When I was in school, I really, really hated writing papers. So much that once when I had a paper due the next day, I forced myself to write a page on Why I Love to Write Papers (all lies) to try to convince myself to WRITE IT ALREADY. I did end up getting the paper done in the middle of the night, but if you don't want to go to the trouble of coming up with a three-point thesis on why you love writing papers, check out the resources we have on our website! They're a huge help and I wish I'd had them back in high school and college!
There you go, your next paper should be a breeze. Of course if any of this gives you trouble, come in to the library - our librarians are trained in this stuff and we're ready to help you any time! It might just be the extra oomph you need to get your next paper underway.
The Library is closed today in observance of Presidents' Day; in the mean time, here are some patriotic recommendations for you.
Find them in the catalog:
As librarians, one of our favorite things to do is to help you find your next favorite book. We craft book lists, we talk to you at the desk, and, of course, we blog. Our children's librarians have been posting book reviews on their book review blog since 2007; here's their blog, by the numbers.
In my family the Fourth of July was a big deal. My family loved to celebrate the birth of the United States of America. We knew who the founding fathers were. Because of this I tend to pay attention to the many myriad of picture books that are published about Americana themes. Here are my top five favorite Americana picture books to get even the younger readers in the mood for any patriotic holiday.
John Hancock, Paul Revere, George Washington, and Ben Franklin are four of the most famous early American patriots. In this humorous picture book author and illustrator Lane Smith explains why these four men were so important. Smith also throws in a few tidbits for the adults who will tend to read this book to youngsters by comparing these patriots to another John, Paul, George and…Ringo who also made a historical impact.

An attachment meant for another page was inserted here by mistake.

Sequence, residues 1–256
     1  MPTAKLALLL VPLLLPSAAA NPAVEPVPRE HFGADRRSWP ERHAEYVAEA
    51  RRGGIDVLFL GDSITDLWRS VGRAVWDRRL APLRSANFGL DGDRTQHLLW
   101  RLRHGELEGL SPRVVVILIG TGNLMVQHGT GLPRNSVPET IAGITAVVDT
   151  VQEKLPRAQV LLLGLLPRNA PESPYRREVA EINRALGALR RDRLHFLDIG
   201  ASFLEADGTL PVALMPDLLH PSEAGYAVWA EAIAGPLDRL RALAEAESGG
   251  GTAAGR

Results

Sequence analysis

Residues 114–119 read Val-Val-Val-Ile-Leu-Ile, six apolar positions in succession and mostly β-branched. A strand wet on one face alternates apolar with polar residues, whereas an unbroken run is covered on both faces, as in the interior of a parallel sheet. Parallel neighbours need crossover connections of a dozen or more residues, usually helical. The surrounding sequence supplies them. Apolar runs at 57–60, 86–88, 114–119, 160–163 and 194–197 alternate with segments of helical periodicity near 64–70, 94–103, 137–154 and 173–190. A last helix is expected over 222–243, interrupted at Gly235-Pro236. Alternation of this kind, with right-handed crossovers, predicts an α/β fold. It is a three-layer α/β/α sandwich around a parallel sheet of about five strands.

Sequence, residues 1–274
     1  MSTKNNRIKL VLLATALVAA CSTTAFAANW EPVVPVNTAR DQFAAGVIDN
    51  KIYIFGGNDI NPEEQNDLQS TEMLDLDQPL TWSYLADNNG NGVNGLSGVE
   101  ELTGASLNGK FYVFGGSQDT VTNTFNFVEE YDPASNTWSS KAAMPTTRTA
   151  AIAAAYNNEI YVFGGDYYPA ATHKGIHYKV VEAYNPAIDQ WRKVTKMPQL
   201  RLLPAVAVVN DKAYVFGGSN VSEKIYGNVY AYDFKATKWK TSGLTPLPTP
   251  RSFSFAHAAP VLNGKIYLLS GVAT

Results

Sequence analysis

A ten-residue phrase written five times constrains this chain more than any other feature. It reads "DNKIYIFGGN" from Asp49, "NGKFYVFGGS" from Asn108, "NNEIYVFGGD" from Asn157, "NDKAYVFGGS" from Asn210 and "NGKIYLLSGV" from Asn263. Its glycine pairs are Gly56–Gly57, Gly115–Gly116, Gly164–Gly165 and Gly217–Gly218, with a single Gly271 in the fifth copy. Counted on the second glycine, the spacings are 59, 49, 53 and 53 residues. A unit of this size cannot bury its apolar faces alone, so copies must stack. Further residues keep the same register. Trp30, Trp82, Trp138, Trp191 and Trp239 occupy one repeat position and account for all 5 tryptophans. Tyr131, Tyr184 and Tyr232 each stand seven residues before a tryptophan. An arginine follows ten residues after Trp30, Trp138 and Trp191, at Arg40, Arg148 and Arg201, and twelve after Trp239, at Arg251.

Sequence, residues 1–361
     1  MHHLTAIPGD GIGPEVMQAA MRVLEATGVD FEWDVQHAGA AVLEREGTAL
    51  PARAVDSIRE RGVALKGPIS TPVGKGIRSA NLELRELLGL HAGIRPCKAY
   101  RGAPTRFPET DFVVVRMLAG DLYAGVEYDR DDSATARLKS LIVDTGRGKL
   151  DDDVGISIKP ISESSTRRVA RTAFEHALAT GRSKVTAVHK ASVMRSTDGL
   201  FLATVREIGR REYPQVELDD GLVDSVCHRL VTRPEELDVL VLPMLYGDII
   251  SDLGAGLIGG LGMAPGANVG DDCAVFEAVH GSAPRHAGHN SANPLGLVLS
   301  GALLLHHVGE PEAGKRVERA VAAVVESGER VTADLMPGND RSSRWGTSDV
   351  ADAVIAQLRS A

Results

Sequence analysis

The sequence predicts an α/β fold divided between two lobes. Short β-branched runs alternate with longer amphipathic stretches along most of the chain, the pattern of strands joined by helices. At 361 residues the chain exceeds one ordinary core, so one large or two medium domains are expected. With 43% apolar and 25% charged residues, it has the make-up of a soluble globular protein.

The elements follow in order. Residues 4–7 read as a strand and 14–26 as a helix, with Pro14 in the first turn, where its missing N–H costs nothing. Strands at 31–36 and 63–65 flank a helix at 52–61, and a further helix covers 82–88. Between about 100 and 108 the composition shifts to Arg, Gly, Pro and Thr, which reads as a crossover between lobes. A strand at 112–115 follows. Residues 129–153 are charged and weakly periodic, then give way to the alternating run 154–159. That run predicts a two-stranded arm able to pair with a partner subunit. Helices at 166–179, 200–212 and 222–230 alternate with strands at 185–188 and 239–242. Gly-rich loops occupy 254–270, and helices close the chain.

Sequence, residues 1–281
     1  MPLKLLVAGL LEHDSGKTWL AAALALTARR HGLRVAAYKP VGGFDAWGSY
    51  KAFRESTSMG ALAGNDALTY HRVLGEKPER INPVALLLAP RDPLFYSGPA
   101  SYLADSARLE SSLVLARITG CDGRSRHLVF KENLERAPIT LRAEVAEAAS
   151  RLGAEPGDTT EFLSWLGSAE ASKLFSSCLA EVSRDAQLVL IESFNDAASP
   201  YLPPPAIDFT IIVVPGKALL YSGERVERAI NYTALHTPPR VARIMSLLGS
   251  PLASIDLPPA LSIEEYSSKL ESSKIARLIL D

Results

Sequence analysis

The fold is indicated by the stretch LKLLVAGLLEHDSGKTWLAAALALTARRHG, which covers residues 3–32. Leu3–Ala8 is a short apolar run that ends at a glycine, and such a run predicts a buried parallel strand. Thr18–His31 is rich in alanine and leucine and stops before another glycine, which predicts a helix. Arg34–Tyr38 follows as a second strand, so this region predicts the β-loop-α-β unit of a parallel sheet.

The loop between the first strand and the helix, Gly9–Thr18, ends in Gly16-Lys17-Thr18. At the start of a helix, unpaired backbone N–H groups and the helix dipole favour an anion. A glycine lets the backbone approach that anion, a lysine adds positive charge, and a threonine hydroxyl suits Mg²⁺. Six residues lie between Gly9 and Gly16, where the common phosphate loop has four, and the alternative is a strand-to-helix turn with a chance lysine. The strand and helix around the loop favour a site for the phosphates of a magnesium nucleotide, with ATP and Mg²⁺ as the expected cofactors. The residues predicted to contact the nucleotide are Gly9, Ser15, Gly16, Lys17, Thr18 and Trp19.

One of the most beloved past presidents of the United States is Abraham Lincoln. Arguably he could be credited with holding this country together. In this biography Doreen Rappaport shows not only the great accomplishments that Lincoln was able to achieve, but she also includes actual quotes from speeches or writings of Lincoln. Readers can learn from his actual words just exactly what he thought and said. And to top it all off, the illustrations by Nelson are sure to keep young readers interested in this great man.
Thomas Jefferson and John Adams are both credited as being founding fathers of the USA. And at times they were great allies and friends. But there is also a history of the two patriots being frustrated and angry with each other. Jurmain tells younger readers about the impact that these two great men had on the young nation as well as explaining their whole history—including the quarrels and disagreements.
Granted, this isn’t a picture book about a particular founding father or patriot—but it is a picture book about an Americana legend. Yankee Doodle is a song that most children sing around holidays such as the Fourth of July. In this picture book twist Crankee Doodle is just that—cranky. His horse has to try to convince him to head to town and complete what children know should happen according to the song. Kiddos who especially love twists and silliness will enjoy reading this parody.
There are a lot of Americana books for young readers that are about the early days of the United States; but what about the American spirit that is still around today? This particular book is full of poems of all the many Presidents of the United States. They tell about all sorts of somewhat unknown facts (like how one particular president got stuck in the bathtub and had to get help to get out). With a variety of Presidents and time-periods young readers will learn that Americana picture books aren’t just about things that happened in the distant past—they can also be about what happened more recently